3) comply with all legally required employment standards.
Although Harvard has responded to both students and Argentinian organizers, Harvard’s timber plantations have not yet complied with these demands.
With the support of Food and Water Watch, the Responsible Endowments Coalition, XminusY, and the Oakland Institute, as well as over 70 individual donors, RI@H has invited Emilio Spataro, an organizer working with local farmers in Corrientes, and Adrian Obregon, a leader in the local small producers association and a liaison to the larger Argentine campesino movement, to come to Harvard’s campus from April 5 – 16 for the SHAME tour (Stop Harvard’s Argentine Mismanagement and Exploitation).
Over the course of the week, the two delegates from Corrientes will speak to student groups, Harvard administrators, and student leaders about their experiences living under the shadow of Harvard’s plantations.
Spataro and Obregon have a scheduled meeting with Harvard administrators including Jameela Pedicini, Vice-President for Sustainability for Harvard Management Company; Lars Madsen, Office of the President of Harvard University; and Katherine Murtagh, Director of Compliance for Harvard Management Company.
The week of action will also include the following public events:
Wednesday April 9, 7–9PM: “From Harvard Yard to the Ibera Wetlands” (CUNY Graduate Center 365 Fifth Avenue Room C-203).
Thursday April 10, 8:30–11:00 AM: “A Conversation about Transnational Movement Building with Organizers from the Campaign to Save the Ibera Wetland’s in Corrientes Argentina” (New York City, location TBA)
Friday April 11, 2–3PM: “Rally for Justice in Iberá” (Convening on the steps of Widener Library, Harvard Yard)
Tuesday April 15, 4–5PM: Harvard College Undergraduate Council “Forum for Responsible Investment” (Harvard Yard, Room TBA)
The Harvard Undergraduate Council unanimously approved the Responsible Ownership Policy Endorsement Act, which furthers the Council’s official support of encouraging Harvard to adopt responsible investment practices.
As a part of the legislation, UC leaders will engage with administrators to urge them to ensure that university’s investments uphold Harvard’s values. Furthermore, the Undergraduate Council will work with RI@H to send a “mail merge” to all undergraduate e-mail addresses to publicize the campaign and to raise awareness among members of the student body.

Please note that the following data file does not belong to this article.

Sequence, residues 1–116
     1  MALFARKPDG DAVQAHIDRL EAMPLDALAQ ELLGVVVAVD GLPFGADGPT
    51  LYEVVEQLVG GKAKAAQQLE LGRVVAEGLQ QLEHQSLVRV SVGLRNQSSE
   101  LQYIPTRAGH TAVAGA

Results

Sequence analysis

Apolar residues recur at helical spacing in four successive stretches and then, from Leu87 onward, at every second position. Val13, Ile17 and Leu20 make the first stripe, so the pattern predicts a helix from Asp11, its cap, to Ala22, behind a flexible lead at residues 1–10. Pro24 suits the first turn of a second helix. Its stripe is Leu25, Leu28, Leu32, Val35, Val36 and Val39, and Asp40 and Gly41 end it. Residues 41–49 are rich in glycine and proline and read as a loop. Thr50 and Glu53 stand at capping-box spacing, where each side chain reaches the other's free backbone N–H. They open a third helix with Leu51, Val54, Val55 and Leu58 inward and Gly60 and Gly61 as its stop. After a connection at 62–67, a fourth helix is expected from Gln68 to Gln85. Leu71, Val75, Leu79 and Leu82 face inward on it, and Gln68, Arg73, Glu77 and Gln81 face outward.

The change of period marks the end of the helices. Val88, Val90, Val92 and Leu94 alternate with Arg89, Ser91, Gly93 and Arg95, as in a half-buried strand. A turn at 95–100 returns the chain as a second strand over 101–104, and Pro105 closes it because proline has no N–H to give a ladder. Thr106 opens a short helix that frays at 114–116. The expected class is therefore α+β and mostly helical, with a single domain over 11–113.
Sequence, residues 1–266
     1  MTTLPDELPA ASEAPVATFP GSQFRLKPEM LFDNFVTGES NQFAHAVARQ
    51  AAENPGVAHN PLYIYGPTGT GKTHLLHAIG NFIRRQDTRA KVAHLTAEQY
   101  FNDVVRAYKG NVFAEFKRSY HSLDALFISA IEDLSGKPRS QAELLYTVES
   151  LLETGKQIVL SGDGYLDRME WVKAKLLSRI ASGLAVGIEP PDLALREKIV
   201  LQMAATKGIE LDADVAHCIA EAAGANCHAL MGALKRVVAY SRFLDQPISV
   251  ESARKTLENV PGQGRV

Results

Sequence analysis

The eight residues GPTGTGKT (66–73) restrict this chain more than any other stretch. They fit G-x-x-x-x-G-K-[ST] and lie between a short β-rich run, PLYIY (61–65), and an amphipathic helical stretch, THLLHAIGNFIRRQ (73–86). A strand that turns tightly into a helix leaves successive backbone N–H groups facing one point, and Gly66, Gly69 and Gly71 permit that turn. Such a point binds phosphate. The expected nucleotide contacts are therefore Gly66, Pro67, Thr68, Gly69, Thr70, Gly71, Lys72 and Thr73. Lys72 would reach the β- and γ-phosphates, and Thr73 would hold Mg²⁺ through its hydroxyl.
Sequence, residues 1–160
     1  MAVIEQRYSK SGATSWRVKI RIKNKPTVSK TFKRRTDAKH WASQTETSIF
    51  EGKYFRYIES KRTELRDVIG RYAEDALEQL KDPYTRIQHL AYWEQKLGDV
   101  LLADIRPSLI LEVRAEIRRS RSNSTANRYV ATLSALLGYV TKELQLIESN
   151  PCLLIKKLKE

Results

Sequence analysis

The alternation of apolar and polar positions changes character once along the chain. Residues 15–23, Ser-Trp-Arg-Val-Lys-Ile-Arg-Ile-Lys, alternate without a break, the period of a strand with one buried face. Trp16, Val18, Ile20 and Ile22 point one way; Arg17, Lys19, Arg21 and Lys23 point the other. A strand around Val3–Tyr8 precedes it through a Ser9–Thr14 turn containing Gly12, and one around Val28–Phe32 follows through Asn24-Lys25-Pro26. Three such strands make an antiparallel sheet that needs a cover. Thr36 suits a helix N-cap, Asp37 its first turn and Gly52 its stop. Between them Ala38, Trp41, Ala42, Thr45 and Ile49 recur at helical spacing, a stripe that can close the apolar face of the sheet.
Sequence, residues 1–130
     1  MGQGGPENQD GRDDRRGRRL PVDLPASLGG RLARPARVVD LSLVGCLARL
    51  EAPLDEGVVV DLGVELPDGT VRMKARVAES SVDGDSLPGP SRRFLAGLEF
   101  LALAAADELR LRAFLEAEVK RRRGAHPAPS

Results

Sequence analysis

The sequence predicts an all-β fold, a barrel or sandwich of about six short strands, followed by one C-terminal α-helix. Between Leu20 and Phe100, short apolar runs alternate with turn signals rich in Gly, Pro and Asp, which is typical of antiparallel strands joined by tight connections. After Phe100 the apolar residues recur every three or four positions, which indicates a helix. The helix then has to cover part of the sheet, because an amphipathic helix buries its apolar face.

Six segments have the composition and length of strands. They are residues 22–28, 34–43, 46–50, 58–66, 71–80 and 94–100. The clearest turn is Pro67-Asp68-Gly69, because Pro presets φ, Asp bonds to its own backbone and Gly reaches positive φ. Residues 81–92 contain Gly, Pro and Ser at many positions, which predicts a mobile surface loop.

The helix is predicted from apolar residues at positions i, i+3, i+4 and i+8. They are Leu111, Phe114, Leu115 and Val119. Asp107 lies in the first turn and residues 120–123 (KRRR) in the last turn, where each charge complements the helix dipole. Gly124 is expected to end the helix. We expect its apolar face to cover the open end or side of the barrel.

The UC will also hold a campus-wide forum regarding responsible investment during the SHAME Tour and Week of Action in early April. The Council will invite administrators, faculty, members of the Harvard Management Corporation, and students to attend.
Sincerest thanks to the Undergraduate Council for their continued support of Responsible Investment!
SHAME stands for Stop Harvard’s Argentine Mismanagement & Exploitation (clever, right?) but it’s also how Harvard administrators are going to feel when confronted by the stories of those who are most affected by their irresponsible investments.
Last semester, we sent letters, signed petitions, and demonstrated outside in the rain and cold. We even published an investigative report and produced a mini-documentary. But Harvard President Drew Faust has refused to enact responsible ownership policies, ignoring the requests of people who suffer every day from Harvard-owned plantations.
We don’t think she can ignore community leaders who travel 4,884 miles to defend their way of life. It’s one thing to read about Harvard’s out-of-control companies halfway around the world, but it’s another thing to hear about them from the people who suffer the consequences.
We’ve estimated that it will cost $4,000 for visa fees and international airfare, and we want to buy tickets by February 19th. Please help donate now so we can bring Harvard’s neighbors in Argentina to Harvard Yard this spring!